Daily Rounds: Radiation Risks 'Low' So Far; Other Tsunami Health Risks Loom; Stroke Rising In Young

Japan Radiation Risk Seen as Low so Far - Although several plant workers are ill from radioactive exposure in Japan, the radiation risk to the public appears low so far, experts said. "At least as of now, what we’re looking at is rather more like Three Mile Island than Chernobyl,” said Dr. David J. Brenner, director of the Center for Radiological Research at Columbia University. (

In tsunami's wake, treating trauma, ensuring clean water, limiting infections top priority list - Over the next several days, physicians and public health officials in Japan can expect to contend with a second wave of tsunami victims with aspiration-related illness and trauma and crush wounds, as well as with the threat of disease spread by contaminated  water. Over the long run, the horrors and bolt-from-the-blue devastation of a tsunami leave indelible psychological scars on the surviving population. (Los Angeles Times)

Normally associated with older people, strokes are becoming more common in young adults - The Boston Globe Few diseases evoke an image of gray hair and furrowed wrinkles more surely than stroke. And, in fact, stroke rates remain highest among the oldest Americans. But a provocative study presented last month found that younger adults are being hospitalized with strokes caused by vascular blockages — called ischemic strokes — at significantly higher levels than they were less than a generation ago. Researchers from the Centers for Disease Control and Prevention discovered, for example, that among men 35 to 44 years old, there was a 47 percent increase in the rate of hospital stays attributed to ischemic strokes from the mid-1990s to the mid-2000s. The question is, why — and that remains a medical mystery. (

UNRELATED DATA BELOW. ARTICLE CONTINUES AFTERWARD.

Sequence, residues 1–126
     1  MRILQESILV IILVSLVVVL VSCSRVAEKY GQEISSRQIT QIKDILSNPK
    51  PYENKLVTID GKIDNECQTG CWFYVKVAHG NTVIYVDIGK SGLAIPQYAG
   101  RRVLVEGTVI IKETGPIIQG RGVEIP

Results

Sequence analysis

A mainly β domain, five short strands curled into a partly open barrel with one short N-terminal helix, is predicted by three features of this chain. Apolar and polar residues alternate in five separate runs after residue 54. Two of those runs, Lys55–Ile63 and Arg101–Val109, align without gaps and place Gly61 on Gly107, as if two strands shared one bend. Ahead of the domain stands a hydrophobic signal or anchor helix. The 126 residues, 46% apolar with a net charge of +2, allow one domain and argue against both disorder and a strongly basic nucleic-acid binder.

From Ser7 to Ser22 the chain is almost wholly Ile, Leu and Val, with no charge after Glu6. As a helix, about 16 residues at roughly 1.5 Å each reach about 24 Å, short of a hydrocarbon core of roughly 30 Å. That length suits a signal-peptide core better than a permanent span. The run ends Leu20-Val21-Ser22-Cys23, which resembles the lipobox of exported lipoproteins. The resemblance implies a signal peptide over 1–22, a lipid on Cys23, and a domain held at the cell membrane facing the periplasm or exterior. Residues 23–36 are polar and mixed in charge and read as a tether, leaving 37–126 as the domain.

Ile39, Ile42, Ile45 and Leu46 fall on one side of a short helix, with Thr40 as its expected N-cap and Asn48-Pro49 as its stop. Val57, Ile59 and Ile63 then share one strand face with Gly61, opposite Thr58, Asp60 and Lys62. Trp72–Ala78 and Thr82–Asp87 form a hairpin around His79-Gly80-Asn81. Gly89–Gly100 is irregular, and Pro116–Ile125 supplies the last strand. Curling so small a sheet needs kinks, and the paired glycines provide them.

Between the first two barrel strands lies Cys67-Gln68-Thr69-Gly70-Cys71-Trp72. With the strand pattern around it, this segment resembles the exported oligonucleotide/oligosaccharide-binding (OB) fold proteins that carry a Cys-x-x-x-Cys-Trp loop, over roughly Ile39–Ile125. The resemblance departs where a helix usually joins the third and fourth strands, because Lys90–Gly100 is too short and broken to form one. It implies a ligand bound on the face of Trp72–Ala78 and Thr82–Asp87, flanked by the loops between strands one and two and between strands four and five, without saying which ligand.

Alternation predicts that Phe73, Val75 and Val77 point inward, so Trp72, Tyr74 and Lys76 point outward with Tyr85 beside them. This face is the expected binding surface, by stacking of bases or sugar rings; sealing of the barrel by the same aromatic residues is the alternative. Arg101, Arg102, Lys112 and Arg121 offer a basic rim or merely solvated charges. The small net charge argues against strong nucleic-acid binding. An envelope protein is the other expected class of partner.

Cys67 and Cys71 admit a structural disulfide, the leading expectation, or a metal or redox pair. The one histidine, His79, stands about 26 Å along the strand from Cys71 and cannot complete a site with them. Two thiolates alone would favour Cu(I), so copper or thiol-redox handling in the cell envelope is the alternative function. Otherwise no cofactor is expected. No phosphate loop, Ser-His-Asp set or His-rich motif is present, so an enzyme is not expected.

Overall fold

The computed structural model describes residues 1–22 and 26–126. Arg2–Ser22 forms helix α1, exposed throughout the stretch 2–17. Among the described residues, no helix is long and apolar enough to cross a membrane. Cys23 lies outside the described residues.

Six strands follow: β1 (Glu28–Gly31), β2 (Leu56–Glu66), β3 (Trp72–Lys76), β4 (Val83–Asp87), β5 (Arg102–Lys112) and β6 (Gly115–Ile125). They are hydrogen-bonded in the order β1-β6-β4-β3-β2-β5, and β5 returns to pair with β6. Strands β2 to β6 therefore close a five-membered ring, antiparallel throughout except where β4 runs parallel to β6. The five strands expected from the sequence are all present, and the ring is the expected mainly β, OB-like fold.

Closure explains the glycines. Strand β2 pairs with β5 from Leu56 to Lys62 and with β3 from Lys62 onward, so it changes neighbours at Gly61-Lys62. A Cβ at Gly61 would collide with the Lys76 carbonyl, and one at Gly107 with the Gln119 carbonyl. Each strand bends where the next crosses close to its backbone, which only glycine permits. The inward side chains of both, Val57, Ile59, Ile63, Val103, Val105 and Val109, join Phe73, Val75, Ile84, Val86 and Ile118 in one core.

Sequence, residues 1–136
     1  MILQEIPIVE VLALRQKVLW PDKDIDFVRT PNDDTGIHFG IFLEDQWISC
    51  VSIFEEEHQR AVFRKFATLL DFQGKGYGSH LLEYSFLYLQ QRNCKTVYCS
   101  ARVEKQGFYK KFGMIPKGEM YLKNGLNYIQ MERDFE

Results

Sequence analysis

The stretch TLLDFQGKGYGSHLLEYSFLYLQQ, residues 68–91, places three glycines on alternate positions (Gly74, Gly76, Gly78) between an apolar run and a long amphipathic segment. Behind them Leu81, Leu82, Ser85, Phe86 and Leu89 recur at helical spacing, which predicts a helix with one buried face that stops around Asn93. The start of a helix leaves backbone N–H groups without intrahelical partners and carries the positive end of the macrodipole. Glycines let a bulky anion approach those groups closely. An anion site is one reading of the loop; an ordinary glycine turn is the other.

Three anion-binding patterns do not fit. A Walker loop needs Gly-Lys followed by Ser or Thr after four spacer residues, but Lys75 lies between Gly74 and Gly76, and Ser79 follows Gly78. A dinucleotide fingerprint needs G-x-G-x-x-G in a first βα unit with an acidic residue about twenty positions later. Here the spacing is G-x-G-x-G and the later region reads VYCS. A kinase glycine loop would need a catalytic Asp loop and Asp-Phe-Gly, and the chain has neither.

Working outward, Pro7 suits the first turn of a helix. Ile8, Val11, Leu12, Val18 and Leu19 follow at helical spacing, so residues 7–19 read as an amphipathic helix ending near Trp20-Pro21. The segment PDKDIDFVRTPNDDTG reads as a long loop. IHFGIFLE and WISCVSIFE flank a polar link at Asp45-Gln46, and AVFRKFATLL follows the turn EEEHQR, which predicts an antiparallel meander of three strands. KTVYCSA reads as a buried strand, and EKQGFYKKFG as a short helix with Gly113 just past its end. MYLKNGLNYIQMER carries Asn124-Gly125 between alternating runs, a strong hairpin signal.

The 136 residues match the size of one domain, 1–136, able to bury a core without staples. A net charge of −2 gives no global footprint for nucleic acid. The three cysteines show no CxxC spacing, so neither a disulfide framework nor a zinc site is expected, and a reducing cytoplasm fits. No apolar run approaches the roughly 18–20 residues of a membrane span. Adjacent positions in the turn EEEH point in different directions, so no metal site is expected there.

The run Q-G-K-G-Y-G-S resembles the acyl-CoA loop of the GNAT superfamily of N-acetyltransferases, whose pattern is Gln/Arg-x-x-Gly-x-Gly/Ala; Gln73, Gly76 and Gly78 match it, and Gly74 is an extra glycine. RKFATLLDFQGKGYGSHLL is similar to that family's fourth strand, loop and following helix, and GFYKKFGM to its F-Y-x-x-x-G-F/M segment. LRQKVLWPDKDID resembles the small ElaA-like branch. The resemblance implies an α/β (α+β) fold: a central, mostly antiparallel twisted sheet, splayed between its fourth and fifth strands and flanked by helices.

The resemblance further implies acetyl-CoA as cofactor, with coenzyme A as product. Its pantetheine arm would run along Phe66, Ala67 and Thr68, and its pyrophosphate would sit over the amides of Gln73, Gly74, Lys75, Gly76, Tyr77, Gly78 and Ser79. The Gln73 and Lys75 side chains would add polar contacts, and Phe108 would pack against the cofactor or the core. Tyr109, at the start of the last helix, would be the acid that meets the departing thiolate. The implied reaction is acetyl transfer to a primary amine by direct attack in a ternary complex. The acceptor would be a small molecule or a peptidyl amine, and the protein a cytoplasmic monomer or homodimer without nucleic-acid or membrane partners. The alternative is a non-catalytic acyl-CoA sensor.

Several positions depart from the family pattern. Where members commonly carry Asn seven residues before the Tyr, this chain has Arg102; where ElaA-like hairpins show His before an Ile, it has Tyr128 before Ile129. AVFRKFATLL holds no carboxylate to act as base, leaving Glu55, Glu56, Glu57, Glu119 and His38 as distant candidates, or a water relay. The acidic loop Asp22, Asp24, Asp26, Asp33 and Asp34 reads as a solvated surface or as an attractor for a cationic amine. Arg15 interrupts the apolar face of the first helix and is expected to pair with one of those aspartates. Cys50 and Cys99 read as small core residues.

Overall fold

Daylight Saving Time: Spring ahead, stay on track - Sleep problems triggered by Daylight Saving Time, which kicks in at 2 a.m. Sunday, when clocks are moved forward an hour, can occur for a week or two and are greater for "morning larks and night owls," says Dr. Anita Valanju Shelgikar, a U-M sleep medicine specialist. (

This program aired on March 14, 2011. The audio for this program is not available.


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